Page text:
DAVENPORT, Iowa — Marco Rubio concluded the first phase of a carefully calibrated presidential campaign Sunday, banking on a first strike in the Hawkeye State to boost his standing in the race for the Republican nomination.
The Florida senator, 44, delivered his closing argument to Republican voters in the state during a series of rallies and town hall meetings. Rubio highlighted the optimistic, future-oriented message at the heart of his campaign message and minimized negative attacks on his rivals that dominated in recent weeks as the contest grew heated. The Iowa caucuses begin at 8 p.m. Eastern Time on Monday.
"It has been a long road, and I can't believe we're finally here," Rubio told an evening rally of about 500 in Davenport, a community along the Mississippi River in eastern Iowa. "In 25 hours, you become the first Americans to decide what comes next after Barack Obama."
In a move that reflects a view that he is his campaign's best asset, Rubio appeared Sunday without guest speakers, except for the senator's Iowa campaign chairman, state Sen. Jack Whitver. Rubio kicked off each event with a pitch and instructions on how to caucus for him. The crowds were enthusiastic and Rubio's campaign staff expressed cautious optimistism that the senator would finish strong enough to contend in New Hampshire.
In the final Des Moines Register/Bloomberg Politics poll released just before the caucuses Rubio, at 15 percent solidly, was in third place, trailing New York celebrity businessman Donald Trump (28 percent) and Sen. Ted Cruz of Texas (23 percent). Rubio backers argue this finish would validate his campaign strategy and continue the momentum his bid has gained ahead of the Feb. 9 New Hampshire primary.
"I feel really good about where we're at, and I'm really proud of the campaign team that we've built in Iowa," Whitver told the Washington Examiner on Sunday. "I'm really proud of the race that Marco has run. Who knows what's going to happen on caucus night, but I feel pretty good about where we're at."
The Rubio campaign has said little about its Iowa voter turnout operation. But campaign sources concede that it can't match Cruz's ground game. Cruz is widely acknowledged to have the best field team in the state of any Republican candidate. But Rubio supporters say that its get-out-the-vote activities are more aggressive than realized.
On the eve of the caucuses, the Rubio campaign had four Iowa offices, in Sioux City, Davenport, Cedar Rapids and Ankeny, near Des Moines. They have 15 full-time paid staff on its state team, and college coalitions on the campuses of Iowa State University and the University of Iowa. The campaign was phone banking every evening and used up-to-date data analytics to motivate the most likely voters to caucus for Rubio.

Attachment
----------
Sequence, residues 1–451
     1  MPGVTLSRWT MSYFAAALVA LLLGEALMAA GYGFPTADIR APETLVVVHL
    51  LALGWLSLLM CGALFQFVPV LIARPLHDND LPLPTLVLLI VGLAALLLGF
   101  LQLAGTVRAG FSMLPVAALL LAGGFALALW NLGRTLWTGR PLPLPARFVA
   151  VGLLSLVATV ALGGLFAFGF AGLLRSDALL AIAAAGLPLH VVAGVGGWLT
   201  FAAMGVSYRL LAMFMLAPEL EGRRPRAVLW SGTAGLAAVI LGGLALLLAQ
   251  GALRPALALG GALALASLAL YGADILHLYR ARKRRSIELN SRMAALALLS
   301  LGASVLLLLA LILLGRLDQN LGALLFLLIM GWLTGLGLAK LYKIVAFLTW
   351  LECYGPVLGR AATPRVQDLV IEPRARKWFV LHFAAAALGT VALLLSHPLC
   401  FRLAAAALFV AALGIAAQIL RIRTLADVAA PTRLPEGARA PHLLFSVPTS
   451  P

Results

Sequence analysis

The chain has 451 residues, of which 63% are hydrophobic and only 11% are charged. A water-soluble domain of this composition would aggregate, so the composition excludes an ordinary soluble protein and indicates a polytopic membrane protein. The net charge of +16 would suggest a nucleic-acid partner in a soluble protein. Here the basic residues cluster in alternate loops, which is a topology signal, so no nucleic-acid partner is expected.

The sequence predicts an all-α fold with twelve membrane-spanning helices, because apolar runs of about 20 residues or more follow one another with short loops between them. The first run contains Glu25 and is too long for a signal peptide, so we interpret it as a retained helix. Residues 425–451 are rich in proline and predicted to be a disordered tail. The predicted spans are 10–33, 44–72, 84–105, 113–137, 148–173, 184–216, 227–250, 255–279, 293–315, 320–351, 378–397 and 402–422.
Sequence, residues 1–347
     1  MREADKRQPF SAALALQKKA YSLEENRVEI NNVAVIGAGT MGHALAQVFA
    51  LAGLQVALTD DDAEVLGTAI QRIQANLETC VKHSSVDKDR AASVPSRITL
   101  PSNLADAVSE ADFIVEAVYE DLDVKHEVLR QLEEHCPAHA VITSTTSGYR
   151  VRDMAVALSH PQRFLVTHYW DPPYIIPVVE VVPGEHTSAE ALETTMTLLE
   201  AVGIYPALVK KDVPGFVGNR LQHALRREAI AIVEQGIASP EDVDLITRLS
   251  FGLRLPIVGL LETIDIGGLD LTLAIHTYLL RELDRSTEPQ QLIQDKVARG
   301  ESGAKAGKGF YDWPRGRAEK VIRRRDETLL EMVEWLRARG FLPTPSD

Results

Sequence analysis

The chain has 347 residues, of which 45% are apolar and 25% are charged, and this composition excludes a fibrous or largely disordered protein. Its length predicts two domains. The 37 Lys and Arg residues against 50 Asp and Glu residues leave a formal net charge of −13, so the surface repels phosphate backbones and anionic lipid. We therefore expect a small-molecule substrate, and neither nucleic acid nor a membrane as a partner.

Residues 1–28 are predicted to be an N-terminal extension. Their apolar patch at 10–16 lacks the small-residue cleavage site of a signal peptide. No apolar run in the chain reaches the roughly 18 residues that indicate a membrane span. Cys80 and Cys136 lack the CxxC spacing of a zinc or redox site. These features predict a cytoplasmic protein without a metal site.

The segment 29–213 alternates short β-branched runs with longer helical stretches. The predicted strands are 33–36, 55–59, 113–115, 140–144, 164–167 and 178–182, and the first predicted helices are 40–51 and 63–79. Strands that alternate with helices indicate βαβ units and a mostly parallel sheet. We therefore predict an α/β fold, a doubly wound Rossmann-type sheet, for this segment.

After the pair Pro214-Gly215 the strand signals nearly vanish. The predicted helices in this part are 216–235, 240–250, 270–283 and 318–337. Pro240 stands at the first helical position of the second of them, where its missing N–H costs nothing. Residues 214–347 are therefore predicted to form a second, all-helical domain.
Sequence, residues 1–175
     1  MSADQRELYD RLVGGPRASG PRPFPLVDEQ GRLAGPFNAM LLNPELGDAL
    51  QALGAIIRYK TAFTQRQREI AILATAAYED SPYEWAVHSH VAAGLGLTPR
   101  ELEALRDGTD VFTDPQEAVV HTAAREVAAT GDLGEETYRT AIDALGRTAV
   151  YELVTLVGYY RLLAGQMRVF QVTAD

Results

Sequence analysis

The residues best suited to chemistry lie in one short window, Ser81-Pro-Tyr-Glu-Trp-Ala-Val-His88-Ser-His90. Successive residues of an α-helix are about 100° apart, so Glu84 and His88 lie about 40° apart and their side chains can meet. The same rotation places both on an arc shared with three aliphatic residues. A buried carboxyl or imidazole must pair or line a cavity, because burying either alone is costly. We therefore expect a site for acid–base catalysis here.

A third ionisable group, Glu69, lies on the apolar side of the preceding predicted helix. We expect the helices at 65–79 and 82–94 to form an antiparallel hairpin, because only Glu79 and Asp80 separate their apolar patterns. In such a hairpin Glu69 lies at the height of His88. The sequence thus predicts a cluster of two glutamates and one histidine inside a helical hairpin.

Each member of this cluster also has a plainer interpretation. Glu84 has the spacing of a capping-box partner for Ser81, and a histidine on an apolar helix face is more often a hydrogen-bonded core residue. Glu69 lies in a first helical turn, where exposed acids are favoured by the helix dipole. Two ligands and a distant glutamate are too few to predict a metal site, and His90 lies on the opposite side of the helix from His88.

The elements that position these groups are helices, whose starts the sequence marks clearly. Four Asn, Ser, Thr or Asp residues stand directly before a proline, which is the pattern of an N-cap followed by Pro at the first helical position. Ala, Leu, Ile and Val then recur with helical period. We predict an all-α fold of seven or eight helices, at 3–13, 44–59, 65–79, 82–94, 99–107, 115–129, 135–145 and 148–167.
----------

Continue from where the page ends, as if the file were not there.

The Rubio campaign contrasts a strategy they say aimed at timing the senator's rise with rivals who peaked early. Retired pediatric neurosurgeon Ben Carson jumped to the top of the polls in Iowa and nationally in October, only to tumble. He was running fourth, at 10 percent, in The Des Moines Register/Bloomberg Politics poll. Cruz rose to first in Iowa in November, only to drop down to second early this month.
Rubio also built his campaign around competing in all four early states, rather than betting heavily on one state. The reasoning was that the field was too deep to cede too much of the senator's destiny to one primary, as some candidates have in New Hampshire. The strategy was complicated by the nearly $30 million in negative advertising against Rubio unleashed by Cruz, former Florida Gov. Jeb Bush and their supportive super PACs.
But Rubio still has among the highest personal favorability ratings of GOP contenders. The campaign hopes that Iowa Republicans are poised to slingshot the senator past his competitors, and into a position where he starts winning. Rubio's advisors have meticulously managed expectations, but his Iowa supporters hope that he might do better than third place.
"He's going to do better than the polls say," said James Larsen, 55, a dentist from Bettendorf who plans to caucus for Rubio and showed up to see him in Davenport. "He's going to do very well.